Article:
Additionally, the parasympathetic nervous system plays a crucial role in facilitating recovery and maintaining homeostasis. It promotes a state of relaxation, reduces stress hormone levels, and supports various bodily functions necessary for overall well-being. This includes immune system activity, which is often prioritized during restful periods.
The dynamic interplay between the sympathetic and parasympathetic nervous systems ensures that the body can adapt to different environmental and internal cues. Dysfunction in the parasympathetic system can impact various physiological processes and is associated with conditions such as autonomic neuropathy. Understanding the balance between these two systems is essential for comprehending the regulation of involuntary bodily functions.
Differences between Sympathetic and Parasympathetic Nervous System
- The sympathetic nervous system has small preganglionic nerve fiber while parasympathetic have larger ones.
- The sympathetic nervous system causes the pupil to dilate while the parasympathetic nervous system causes the pupil to constrict.
- The sympathetic nervous system increases saliva production while the parasympathetic causes a decrease in saliva production.
- The parasympathetic nervous system causes the anal sphincter to relax while the sympathetic nervous system causes the anal sphincter to contract.
- Urinary bladder during the sympathetic nervous system tends to relax while parasympathetic make them contract.
- The parasympathetic nervous system stimulates gut peristalsis while the sympathetic nervous system inhibits gut peristalsis.
- The sympathetic nervous system tends to increase heart rate while the parasympathetic nervous system decreases heart rate.
Similarities between Sympathetic and Parasympathetic Nervous System
- Both are the autonomous nervous system
- Both originated from the spinal cord
- Both have an influence on the body physiological process
- Both play a significant role in the homeostasis of the body
Frequently Asked Questions
- Is Sympathetic or Parasympathetic Faster?
The parasympathetic nervous system has a quicker ability to respond to change than the sympathetic nervous system.
- Can the Parasympathetic and Sympathetic Work at the Same Time?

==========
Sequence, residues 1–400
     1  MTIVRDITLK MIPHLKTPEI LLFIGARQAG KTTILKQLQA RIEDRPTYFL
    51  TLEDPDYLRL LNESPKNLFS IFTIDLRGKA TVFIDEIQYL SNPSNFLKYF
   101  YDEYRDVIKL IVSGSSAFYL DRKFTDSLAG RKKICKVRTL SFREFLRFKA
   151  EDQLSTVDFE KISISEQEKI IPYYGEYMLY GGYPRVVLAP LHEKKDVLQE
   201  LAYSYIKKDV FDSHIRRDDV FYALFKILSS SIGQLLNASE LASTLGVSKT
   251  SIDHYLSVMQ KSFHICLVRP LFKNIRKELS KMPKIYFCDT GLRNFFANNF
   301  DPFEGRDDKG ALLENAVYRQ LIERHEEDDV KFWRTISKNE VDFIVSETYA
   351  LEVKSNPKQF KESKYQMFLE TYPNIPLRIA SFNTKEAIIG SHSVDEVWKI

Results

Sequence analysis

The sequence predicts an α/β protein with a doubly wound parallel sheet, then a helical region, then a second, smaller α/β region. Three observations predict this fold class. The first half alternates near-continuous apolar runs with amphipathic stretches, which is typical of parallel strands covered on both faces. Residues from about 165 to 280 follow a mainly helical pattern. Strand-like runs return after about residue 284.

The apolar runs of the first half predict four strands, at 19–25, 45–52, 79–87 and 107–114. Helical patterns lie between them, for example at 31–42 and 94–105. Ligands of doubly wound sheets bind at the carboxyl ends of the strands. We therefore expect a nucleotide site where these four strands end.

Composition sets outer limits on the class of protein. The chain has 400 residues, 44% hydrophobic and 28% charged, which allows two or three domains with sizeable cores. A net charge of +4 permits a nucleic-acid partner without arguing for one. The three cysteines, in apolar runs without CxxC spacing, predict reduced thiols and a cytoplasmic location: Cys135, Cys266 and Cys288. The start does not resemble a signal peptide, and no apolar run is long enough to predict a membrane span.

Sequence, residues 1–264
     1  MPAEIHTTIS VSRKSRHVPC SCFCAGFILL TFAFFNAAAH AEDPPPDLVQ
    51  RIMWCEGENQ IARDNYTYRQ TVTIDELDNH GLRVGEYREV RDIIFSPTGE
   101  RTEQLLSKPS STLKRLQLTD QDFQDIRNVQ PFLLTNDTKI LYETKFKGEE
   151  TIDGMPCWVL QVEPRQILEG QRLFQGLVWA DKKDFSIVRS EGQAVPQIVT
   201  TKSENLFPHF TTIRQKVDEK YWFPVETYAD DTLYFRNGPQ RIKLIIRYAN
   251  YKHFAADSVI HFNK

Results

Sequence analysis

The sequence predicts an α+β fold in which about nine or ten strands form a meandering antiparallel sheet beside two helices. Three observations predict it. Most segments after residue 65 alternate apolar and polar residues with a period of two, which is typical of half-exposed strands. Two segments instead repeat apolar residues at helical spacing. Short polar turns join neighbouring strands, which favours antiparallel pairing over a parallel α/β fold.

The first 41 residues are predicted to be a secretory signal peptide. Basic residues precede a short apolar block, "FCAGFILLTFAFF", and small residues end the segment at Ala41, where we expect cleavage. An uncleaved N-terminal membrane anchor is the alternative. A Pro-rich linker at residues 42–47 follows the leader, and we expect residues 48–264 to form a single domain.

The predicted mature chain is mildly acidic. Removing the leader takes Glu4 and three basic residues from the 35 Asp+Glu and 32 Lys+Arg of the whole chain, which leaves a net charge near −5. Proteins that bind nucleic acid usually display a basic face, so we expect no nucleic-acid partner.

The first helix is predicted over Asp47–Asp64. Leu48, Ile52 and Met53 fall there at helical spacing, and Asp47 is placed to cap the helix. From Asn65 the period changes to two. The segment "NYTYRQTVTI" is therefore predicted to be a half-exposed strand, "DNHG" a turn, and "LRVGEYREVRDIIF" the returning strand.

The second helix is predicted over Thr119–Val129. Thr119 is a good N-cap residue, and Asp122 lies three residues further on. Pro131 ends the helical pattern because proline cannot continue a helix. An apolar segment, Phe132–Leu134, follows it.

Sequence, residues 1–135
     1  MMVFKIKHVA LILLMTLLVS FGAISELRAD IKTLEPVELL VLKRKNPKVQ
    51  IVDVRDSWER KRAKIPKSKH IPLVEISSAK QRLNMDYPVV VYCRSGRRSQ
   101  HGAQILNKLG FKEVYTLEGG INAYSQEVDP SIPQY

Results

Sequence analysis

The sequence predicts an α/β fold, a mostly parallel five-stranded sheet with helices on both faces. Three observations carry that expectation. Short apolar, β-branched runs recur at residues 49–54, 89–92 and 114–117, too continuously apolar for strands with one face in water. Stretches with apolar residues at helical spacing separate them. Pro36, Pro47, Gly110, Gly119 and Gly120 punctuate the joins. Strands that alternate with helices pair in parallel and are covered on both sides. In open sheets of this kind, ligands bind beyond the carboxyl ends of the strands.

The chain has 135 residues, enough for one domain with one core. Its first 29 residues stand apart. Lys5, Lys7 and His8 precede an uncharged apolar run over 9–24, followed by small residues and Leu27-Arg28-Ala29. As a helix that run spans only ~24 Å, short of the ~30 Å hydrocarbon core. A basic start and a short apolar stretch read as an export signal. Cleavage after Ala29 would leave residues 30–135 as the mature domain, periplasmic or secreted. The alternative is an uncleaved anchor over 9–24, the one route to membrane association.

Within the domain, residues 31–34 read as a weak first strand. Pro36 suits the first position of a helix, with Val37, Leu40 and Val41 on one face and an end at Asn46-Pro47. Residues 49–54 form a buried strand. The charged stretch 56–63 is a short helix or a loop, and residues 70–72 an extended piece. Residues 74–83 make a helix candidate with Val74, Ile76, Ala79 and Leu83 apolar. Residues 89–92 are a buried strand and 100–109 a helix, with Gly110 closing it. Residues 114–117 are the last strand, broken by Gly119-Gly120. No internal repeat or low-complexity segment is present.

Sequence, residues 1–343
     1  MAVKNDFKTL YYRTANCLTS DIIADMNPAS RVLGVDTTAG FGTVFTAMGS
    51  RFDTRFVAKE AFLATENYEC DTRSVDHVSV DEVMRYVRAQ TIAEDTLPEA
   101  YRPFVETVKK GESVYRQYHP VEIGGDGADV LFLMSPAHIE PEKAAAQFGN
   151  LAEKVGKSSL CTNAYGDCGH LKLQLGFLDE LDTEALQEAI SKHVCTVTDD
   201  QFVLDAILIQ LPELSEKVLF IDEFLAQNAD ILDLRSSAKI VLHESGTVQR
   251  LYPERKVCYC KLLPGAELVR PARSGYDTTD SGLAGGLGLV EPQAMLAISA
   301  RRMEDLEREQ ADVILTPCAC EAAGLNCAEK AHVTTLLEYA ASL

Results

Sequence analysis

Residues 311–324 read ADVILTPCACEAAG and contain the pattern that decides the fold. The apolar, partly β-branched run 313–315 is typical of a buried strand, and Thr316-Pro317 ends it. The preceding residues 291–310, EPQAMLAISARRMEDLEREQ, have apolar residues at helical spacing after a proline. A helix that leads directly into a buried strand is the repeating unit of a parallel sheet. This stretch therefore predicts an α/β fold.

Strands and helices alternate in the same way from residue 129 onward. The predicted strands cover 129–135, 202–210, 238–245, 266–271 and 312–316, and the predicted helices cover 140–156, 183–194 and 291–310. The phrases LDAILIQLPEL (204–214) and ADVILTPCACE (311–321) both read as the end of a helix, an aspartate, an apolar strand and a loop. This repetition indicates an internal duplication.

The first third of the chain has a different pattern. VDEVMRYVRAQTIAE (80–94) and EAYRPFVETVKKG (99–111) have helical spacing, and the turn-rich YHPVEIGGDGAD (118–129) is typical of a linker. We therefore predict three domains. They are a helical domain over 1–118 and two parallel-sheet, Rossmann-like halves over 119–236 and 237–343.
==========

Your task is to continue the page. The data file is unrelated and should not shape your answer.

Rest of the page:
The parasympathetic and sympathetic systems do not work entirely separately, but rather work at the same time, often in opposition to one another.
- Is Sweating Parasympathetic or Sympathetic?
The sympathetic nervous system normally controls facial sweating. But there are instances where parasympathetic reflexes provoke pathological sweating.
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The sympathetic and parasympathetic nervous systems are two branches of the autonomic nervous system, each responsible for regulating involuntary physiological processes in the body. These systems operate in a coordinated manner to maintain homeostasis, but they have distinct functions, neurotransmitters, and effects on various organ systems.
The sympathetic nervous system is often associated with the “fight or flight” response, activating the body in response to stress or danger. It increases heart rate, dilates airways, redirects blood flow to muscles, and releases energy stores. Neurotransmitters such as norepinephrine and epinephrine mediate the effects of the sympathetic system. This response prepares the body for quick and intense physical activity, enabling it to respond to challenging situations.
Conversely, the parasympathetic nervous system is linked to the “rest and digest” response, promoting relaxation and recovery. It decreases heart rate, constricts airways, and enhances digestion and nutrient absorption. Acetylcholine is the primary neurotransmitter involved in parasympathetic signaling. The parasympathetic system predominates during periods of rest, allowing the body to conserve energy, recover, and carry out essential functions such as digestion and immune system activity.
In summary, the sympathetic and parasympathetic nervous systems represent the two arms of the autonomic nervous system, working in opposition to maintain balance and respond to different physiological demands. The sympathetic system prepares the body for action in stressful situations, while the parasympathetic system promotes relaxation and recovery during periods of rest. Their dynamic interplay ensures the body’s adaptability to a range of environmental and internal cues.
More Sources and References
- Autonomic Nervous System. Wikipedia
- Physiology of the Autonomic Nervous System. NCBI
- Your Parasympathetic Nervous System Explained. Healthline